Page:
How reliable are stochastic scenarios are in assessing reserving needs of companies selling variable annuities?

That was the subject of a recent discussion of the Life & Health Actuarial Task Force of the National Association of Insurance Commissioners, Kansas City, Mo. The task force has been working for several years to create a new actuarial guideline, Commissioners Annuity Reserve Valuation Method, or AG CARVM, which will establish reserving guidelines for VAs with guaranteed benefits..

The task force wants to create a more lasting way to reserve for risks in these guarantees to replace temporary solutions embodied in the NAIC’s current Actuarial Guideline 39 and recent revisions to Actuarial Guideline 34.

A stochastic approach is a major part of AG CARVM. A standard scenario to create a reserving floor has also become part of the proposal. Stochastic scenarios are becoming more popular in financial markets and in the financial planning communities as a way to assess the likelihood of particular outcomes.

During the recent task force discussion, Allan Elstein, a Connecticut regulator, argued that “stochastic results do not necessarily create reality.” He referred to a news report noting that stochastic results did not accurately predict the recent direction of stock prices.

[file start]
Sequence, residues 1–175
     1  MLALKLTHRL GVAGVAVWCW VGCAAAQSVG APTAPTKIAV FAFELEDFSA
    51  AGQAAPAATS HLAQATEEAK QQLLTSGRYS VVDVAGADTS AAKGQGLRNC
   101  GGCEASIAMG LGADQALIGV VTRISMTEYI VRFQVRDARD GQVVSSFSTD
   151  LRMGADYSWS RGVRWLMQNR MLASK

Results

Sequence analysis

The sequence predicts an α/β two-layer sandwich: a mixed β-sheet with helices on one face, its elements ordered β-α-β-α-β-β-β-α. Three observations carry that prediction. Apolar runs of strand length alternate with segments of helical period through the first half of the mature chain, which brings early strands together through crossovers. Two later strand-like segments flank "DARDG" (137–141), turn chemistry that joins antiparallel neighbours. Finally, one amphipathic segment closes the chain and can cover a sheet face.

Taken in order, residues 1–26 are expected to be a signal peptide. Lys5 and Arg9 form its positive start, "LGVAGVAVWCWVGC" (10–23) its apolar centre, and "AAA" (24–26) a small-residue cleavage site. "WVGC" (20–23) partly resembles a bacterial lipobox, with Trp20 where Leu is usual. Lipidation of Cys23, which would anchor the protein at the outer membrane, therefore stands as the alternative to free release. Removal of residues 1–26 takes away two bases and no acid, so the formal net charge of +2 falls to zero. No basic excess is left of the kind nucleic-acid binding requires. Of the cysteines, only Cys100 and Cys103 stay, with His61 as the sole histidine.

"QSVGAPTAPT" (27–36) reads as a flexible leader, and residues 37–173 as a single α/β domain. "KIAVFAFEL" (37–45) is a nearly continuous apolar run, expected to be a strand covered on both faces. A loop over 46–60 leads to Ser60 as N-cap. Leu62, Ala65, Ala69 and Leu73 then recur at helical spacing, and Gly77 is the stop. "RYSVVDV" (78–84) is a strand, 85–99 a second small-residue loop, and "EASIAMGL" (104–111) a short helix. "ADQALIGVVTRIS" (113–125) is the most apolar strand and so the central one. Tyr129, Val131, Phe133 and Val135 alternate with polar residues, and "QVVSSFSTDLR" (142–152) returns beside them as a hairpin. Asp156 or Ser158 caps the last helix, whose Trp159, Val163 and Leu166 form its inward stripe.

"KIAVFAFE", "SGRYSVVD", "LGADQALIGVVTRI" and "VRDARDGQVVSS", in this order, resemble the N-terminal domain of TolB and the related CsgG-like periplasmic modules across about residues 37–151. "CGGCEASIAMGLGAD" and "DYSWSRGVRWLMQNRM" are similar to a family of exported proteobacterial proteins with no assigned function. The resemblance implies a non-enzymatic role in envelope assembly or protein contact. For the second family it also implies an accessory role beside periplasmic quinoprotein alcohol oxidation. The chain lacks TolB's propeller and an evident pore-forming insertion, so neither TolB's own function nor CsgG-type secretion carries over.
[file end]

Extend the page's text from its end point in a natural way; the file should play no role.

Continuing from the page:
In stochastic scenarios under CARVM, “bad” events that happen later in contract years are not being reflected, Elstein noted. Almost all of the loss scenarios in the stochastic examples occur early on, he continued. The reason that losses in later years are not being reflected is because gains precede losses and thus recognition of those losses for reserving purposes is deferred, he said.

Tom Campbell, a life actuary with Hartford Life Insurance Co., Hartford, and a representative for the American Academy of Actuaries, Washington, argued that a stochastic approach involves a broad range of scenarios that would cover losses in later periods.

He also noted that most companies are holding risk-based capital well in excess of company action levels and would take these levels into account before paying out dividends or using available capital to invest in new business opportunities.

Regulators also held a related discussion was how to treat the sunset provision in Actuarial Guideline 39.

New York regulators recommended eliminating the sunset period to ensure that a floor is maintained for VA guaranteed living benefit reserves beyond Jan. 1, 2008.

Elstein said that because it is important to continue to offer guidance on the reserving of these products, the sunset should be extended to Jan. 1, 2010.

AG 39 should be retained only as a temporary solution, according to John Bruins, a life actuary with the American Council of Life Insurers, Washington. The guideline has “severe limitations,” he said.